I was trying to understand how Address Computation Instruction works, especially with `leaq`

command. Then I get confused when I see examples using `leaq`

to do arithmetic computation. For example, the following C code,

```
long m12(long x) {
return x*12;
}
```

In assembly,

```
leaq (%rdi, %rdi, 2), %rax
salq $2, $rax
```

If my understanding is right, leaq should move whatever address `(%rdi, %rdi, 2)`

, which should be `2*%rdi+%rdi`

, evaluate to into `%rax`

. What I get confused is since value x is stored in `%rdi`

, which is just memory address, why does times %rdi by 3 then left shift this **memory address** by 2 is equal to x times 12? Isn't that when we times `%rdi`

by 3, we jump to another memory address which does not hold value x?

`leaq`

doesn'thaveto operate on memory addresses, and itcomputesan address, it doesn't actuallyreadfrom the result, so until a`mov`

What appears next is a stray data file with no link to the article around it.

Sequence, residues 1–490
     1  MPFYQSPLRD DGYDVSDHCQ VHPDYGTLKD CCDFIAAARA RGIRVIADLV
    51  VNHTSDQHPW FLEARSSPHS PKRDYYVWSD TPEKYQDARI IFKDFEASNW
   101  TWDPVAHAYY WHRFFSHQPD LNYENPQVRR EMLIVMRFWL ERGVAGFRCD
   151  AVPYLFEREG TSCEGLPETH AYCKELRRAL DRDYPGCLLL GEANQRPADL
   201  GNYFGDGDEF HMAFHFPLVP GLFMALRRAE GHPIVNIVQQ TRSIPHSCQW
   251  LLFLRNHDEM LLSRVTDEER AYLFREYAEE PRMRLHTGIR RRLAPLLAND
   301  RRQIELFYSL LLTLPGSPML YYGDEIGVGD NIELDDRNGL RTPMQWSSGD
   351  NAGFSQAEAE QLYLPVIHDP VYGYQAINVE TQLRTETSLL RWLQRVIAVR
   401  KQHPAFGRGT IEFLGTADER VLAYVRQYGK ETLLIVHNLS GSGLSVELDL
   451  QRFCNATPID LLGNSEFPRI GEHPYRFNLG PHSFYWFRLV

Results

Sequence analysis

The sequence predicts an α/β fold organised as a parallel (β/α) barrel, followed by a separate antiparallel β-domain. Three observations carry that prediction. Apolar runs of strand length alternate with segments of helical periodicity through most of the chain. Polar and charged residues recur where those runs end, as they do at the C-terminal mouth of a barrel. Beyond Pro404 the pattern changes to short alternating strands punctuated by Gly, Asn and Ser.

or the like tries to use it, it's just an esoteric way to add one number, plus 1, 2, 4 or 8 times another number (or the same number in this case). It's frequently "abused"^{†}for mathematical purposes, as you see.`2*%rdi+%rdi`

is just`3 * %rdi`

, so it's computing`x * 3`

without involving the multiplier unit on the CPU.Similarly, left shifting, for integers, doubles the value for every bit shifted (every zero added to the right), thanks to the way binary numbers work (the same way in decimal numbers, adding zeroes on the right multiplies by 10).

So this is abusing the

`leaq`

instruction to accomplish multiplication by 3, then shifting the result to achieve a further multiplication by 4, for a final result of multiplying by 12 without ever actually using a multiply instruction (which it presumably believes would run more slowly, and for all I know it could be right; second-guessing the compiler is usually a losing game).^{†}: To be clear, it's not abuse in the sense ofmisuse, just using it in a way that doesn't clearly align with the implied purpose you'd expect from its name. It's 100% okay to use it this way.